An interesting feature of human thinking is known as 'reifying': making real. Imagining that because we have a word for something, then there must exist a 'thing' that corresponds to the word. But then, what about 'bravery' and 'cowardice'? Or 'tunnel'? In fact, what about 'hole'?

Many scientic concepts refer to things that are not real in the everyday sense in that they correspond to objects. For example, 'gravity' is accepted universally as an explanation for planetary motion, but what do we actually expect to see if we came across it? It is actually (as discovered by Einstein) just the tendency for objects not to move in straight lines, which we then reify as 'curved space'. For that matter, does 'space' itself exist, or is it just a privative? Similarly, many other concepts such as dark and cold are reified (some people may say to wear more clothes when it's cold to 'keep the cold out')

'Debt' and 'overdraft' are familiar concepts in our lives, but in fact they are just privatives. Today's derivatives market buys and sells debts and promises as though they actually exist, and these are reified as words and numbers on pieces of paper, or data in a computer. In fact, the more you consider, the more you'll notice that most of the world that we human beings interact with doesn't even exist at all. What exactly is the stock market? Or what does money actually represent for that matter?

Another interesting concept that is reified is Death. Often portrayed as a hooded skeleton carrying a scythe, it is actually just a privative for the absence of life. However, our fears of dying have lead to other reifications such as the soul or spirit of a body that must leave the body when it turns from a live body to a dead one. When a process stops, it's simply no longer 'there'. It doesn't continue on in another essence or form.

README file = R = real estate

real adj.

Not simulated. Often used as a specific antonym to virtual in any of its jargon senses.

--The Jargon File version 4.3.1, ed. ESR, autonoded by rescdsk.

Re"al (?), n. [Sp., fr. real royal, L. regalis. See Regal, and cf. Ree a coin.]

A small Spanish silver coin; also, a denomination of money of account, formerly the unit of the Spanish monetary system.

⇒ A real of plate (coin) varied in value according to the time of its coinage, from 12 down to 10 cents, or from 6 to 5 pence sterling. The real vellon, or money of account, was nearly equal to five cents, or 2 pence sterling. In 1871 the coinage of Spain was assimilated to that of the Latin Union, of which the franc is the unit.


© Webster 1913.

Re*al" (?), a.

Royal; regal; kingly.

[Obs.] "The blood real of Thebes."



© Webster 1913.

Re"al (?), a. [LL. realis, fr. L. res, rei, a thing: cf. F. r'eel. Cf. Rebus.]


Actually being or existing; not fictitious or imaginary; as, a description of real life.

Whereat I waked, and found
Before mine eyes all real, as the dream
Had lively shadowed.


True; genuine; not artificial; counterfeit, or factitious; often opposed to ostensible; as, the real reason; real Madeira wine; real ginger.

<-- split reason from objects. -->

Whose perfection far excelled
Hers in all real dignity.


Relating to things, not to persons.


Many are perfect in men's humors that are not greatly capable of the real part of business.

4. Alg.

Having an assignable arithmetical or numerical value or meaning; not imaginary.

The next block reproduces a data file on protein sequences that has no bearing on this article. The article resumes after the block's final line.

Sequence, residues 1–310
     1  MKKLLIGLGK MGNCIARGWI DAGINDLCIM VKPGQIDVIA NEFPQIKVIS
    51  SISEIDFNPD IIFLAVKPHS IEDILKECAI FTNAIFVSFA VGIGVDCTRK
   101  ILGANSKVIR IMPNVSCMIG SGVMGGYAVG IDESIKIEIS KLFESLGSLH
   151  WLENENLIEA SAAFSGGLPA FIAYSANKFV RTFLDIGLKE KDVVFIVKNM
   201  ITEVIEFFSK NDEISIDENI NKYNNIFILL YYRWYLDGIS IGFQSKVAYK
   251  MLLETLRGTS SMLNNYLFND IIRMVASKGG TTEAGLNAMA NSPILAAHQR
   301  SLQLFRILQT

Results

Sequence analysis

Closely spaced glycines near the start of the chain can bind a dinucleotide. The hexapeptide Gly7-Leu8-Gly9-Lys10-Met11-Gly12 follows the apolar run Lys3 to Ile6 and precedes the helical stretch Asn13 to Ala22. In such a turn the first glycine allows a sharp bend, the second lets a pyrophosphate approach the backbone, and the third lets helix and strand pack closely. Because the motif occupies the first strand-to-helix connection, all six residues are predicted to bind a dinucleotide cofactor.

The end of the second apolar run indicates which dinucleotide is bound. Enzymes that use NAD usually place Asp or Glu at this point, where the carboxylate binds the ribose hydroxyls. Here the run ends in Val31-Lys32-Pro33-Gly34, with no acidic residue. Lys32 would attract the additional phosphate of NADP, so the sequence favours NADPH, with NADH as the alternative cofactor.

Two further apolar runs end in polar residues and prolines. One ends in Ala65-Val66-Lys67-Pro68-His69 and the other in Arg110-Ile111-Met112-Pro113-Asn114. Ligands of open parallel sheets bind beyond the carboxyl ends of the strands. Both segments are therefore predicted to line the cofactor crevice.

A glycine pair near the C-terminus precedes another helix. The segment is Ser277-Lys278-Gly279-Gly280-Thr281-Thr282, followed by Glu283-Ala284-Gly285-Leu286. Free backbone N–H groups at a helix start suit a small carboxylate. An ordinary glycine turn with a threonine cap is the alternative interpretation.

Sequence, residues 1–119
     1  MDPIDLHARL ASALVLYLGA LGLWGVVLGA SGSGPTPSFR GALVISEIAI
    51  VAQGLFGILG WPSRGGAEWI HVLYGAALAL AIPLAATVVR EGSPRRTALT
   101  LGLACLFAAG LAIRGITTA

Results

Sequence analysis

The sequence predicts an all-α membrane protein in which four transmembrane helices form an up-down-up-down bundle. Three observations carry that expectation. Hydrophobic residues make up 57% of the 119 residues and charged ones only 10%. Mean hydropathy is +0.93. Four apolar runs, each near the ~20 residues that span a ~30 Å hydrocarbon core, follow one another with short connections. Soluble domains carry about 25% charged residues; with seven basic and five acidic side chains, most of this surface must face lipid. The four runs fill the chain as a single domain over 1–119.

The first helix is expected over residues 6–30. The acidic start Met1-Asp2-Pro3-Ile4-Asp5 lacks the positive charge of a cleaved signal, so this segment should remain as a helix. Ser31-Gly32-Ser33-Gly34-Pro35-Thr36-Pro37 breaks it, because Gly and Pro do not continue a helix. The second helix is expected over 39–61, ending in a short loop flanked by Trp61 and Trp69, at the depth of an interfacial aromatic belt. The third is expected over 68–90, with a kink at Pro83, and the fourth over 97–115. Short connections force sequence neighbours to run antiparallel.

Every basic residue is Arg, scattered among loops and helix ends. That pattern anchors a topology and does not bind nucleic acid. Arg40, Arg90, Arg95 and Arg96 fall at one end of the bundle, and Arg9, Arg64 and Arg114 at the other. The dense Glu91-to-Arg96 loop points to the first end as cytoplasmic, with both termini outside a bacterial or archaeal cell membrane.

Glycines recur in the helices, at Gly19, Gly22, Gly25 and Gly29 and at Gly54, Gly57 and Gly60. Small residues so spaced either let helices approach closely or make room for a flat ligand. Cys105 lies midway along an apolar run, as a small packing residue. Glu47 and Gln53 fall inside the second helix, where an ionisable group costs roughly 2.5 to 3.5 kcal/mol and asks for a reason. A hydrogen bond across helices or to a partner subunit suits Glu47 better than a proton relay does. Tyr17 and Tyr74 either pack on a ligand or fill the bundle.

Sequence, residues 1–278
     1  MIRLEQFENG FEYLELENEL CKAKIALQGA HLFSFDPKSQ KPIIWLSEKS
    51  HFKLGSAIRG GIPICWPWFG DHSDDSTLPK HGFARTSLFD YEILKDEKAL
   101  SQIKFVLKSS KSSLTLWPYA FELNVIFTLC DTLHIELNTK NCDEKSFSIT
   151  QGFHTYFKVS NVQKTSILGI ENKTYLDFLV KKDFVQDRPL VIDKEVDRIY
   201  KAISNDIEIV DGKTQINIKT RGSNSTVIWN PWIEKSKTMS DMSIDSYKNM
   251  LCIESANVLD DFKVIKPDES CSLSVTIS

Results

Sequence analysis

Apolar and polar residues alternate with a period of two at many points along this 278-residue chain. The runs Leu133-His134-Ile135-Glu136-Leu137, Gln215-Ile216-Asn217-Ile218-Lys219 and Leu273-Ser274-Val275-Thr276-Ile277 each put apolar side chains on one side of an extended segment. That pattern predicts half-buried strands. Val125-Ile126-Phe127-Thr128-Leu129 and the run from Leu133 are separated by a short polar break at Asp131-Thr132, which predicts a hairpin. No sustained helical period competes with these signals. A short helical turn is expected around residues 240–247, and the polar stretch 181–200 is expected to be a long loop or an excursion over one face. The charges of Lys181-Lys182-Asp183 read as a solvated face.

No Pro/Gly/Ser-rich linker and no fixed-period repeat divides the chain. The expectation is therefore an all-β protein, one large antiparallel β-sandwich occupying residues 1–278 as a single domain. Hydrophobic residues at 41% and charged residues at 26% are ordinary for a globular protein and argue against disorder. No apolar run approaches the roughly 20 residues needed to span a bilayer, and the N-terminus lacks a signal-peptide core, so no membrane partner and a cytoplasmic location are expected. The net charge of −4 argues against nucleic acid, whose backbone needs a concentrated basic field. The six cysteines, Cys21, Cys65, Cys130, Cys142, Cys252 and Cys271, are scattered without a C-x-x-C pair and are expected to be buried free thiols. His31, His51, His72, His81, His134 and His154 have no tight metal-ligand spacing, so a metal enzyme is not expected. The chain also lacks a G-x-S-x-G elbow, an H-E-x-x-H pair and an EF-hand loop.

5. Law

Pertaining to things fixed, permanent, or immovable, as to lands and tenements; as, real property, in distinction from personal or movable property.

Chattels real Law, such chattels as are annexed to, or savor of, the realty, as terms for years of land. See Chattel. -- Real action Law, an action for the recovery of real property. -- Real assets Law, lands or real estate in the hands of the heir, chargeable with the debts of the ancestor. -- Real composition Eccl.Law, an agreement made between the owner of lands and the parson or vicar, with consent of the ordinary, that such lands shall be discharged from payment of tithes, in consequence of other land or recompense given to the parson in lieu and satisfaction thereof. Blackstone. -- Real estateproperty, lands, tenements, and hereditaments; freehold interests in landed property; property in houses and land. Kent. Burrill. -- Real presence R. C. Ch., the actual presence of the body and blood of Christ in the eucharist, or the conversion of the substance of the bread and wine into the real body and blood of Christ; transubstantiation. In other churches there is a belief in a form of real presence, not however in the sense of transubstantiation. -- Real servitude, called also Predial servitude CivilLaw, a burden imposed upon one estate in favor of another estate of another proprietor. Erskine. Bouvier.

Syn. -- Actual; true; genuine; authentic. -- Real, Actual. Real represents a thing to be a substantive existence; as, a real, not imaginary, occurrence. Actual refers to it as acted or performed; and, hence, when we wish to prove a thing real, we often say, "It actually exists," "It has actually been done." Thus its really is shown by its actually. Actual, from this reference to being acted, has recently received a new signification, namely, present; as, the actual posture of affairs; since what is now in action, or going on, has, of course, a present existence. An actual fact; a real sentiment.

For he that but conceives a crime in thought, Contracts the danger of an actual fault.

Our simple ideas are all real; all agree to the reality of things.


© Webster 1913.

Re"al (?), n.

A realist.




© Webster 1913.

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